BUFFALO, N.Y. (WIVB) — Erie County Executive Mark Poloncarz on Monday announced a number of changes the county believes will better prepare the area for significant winter storms in the future.
The changes come after officials at all levels were criticized for their response during the Blizzard of ’22 that killed over 40 people and crippled the region for several days.
Changes include purchasing heavy-duty snow-clearing equipment, such as high lifts and industrial snow blowers, as well as the purchase of tracked rescue vehicles and other equipment to transport medical patients. This equipment will be pre-positioned around the City of Buffalo in order to open up corridors to downtown hospitals and assist fire companies. Ambulances will also be teamed up with tracked vehicles to get to patients who need assistance. They will also partner with area snowmobile clubs to utilize those vehicles.
In addition, the county has an agreement in place with National Grid to add tarp and bolt systems to substations to keep blowing ice and snow from damaging its systems.
Changes to prepare the public will also occur. Poloncarz says that the county will partner with University at Albany to develop a blizzard rating system and provide the county with weather analysts. There is also a new policy to more aggressively use IPAWS, a public alert warning system, to use technology to alert people of a storm. They say a new policy will also be created to increase pre-emptive driving bans.
Poloncarz said that there was a “failure” to not use the IPAWS system in December.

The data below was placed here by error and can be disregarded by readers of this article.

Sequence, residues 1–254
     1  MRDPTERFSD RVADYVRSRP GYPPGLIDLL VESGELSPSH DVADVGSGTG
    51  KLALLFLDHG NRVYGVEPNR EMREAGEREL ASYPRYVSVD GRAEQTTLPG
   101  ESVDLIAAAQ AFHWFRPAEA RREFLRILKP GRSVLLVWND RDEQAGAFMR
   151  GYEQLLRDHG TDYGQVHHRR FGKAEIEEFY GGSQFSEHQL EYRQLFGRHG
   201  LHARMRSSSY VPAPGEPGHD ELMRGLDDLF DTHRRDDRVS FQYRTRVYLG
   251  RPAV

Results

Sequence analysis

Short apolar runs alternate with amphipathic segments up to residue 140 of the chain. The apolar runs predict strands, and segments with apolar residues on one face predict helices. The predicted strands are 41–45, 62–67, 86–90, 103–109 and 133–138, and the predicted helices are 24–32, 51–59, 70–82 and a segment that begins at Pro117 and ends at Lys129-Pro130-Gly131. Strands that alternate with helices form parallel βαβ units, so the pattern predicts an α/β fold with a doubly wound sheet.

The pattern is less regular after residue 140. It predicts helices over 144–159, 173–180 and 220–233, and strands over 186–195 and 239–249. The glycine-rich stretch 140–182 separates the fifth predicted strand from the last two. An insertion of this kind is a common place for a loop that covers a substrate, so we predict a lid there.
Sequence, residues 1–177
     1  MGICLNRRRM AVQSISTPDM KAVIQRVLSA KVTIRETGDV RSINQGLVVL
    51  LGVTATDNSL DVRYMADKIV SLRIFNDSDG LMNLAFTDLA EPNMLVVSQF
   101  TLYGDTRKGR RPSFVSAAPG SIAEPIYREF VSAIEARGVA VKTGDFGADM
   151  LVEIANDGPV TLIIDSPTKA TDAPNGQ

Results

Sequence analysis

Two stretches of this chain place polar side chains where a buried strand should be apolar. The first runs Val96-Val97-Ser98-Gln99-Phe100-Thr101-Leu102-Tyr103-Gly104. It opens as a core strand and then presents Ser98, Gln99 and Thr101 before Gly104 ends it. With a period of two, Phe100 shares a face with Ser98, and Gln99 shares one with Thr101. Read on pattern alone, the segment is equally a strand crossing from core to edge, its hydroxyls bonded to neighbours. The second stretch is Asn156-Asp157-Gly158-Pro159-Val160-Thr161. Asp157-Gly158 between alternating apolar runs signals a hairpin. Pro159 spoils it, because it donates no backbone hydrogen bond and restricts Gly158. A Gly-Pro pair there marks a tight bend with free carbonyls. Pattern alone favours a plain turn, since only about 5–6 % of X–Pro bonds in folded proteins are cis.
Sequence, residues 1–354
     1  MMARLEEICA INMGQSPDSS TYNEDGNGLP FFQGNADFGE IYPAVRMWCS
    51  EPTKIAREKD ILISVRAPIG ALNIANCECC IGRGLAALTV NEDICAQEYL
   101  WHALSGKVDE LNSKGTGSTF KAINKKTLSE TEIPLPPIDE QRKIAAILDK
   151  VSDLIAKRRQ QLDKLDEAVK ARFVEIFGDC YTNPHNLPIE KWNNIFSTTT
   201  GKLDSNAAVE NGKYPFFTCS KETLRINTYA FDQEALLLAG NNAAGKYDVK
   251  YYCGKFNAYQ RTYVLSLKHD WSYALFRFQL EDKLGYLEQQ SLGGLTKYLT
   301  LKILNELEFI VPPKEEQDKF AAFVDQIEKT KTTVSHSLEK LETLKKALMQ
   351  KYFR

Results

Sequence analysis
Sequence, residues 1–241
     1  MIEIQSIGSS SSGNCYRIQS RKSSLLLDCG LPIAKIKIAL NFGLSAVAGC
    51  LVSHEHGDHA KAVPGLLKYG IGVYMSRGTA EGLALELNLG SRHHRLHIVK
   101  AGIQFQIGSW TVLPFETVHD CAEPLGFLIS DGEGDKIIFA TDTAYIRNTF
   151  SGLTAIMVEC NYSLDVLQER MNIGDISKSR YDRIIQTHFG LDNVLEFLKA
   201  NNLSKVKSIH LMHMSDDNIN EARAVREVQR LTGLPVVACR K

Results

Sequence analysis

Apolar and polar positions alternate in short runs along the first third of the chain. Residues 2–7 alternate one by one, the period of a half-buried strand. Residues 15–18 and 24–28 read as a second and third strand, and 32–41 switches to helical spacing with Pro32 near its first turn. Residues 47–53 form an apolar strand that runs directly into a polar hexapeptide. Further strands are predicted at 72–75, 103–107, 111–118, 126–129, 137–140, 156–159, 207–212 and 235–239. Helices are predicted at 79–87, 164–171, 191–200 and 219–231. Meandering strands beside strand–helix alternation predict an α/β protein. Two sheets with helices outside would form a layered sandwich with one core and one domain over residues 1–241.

Poloncarz said that these changes were developed after several meetings with many departments across the area as well as the state over the last eight months. A first set of recommendations was announced on Jan. 31, with several announcements coming afterwards.
Poloncarz also addressed what he called a “misunderstanding” that there is a master report about the blizzard response that had not been made public.
“I do not want the public and other county officials to think we are hiding a report from their review when, in reality, the report simply does not exist,” Poloncarz said. “Instead, following the Blizzard, I directed my Commissioners and Department Heads to discuss with their respective staffs the actions taken during the event, analyze what worked well and what did not, and prepare an after-action inter-agency memorandum regarding each department’s analysis.”
Earlier this month, New York State finished its review of the storm and listed several recommendations for changes to be made. New York University also did an independent study, the results of which were released in June.
During the storm in December, the Buffalo airport reached a peak of 51 inches of snow. Blizzard conditions lasted for 37 hours and consisted of the snow, hurricane-force winds of up to 80 miles per hour that brought white-out conditions and wind chills of 30 degrees below zero Fahrenheit.
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Aidan Joly joined the News 4 staff in 2022. He is a graduate of Canisius College. You can see more of his work here.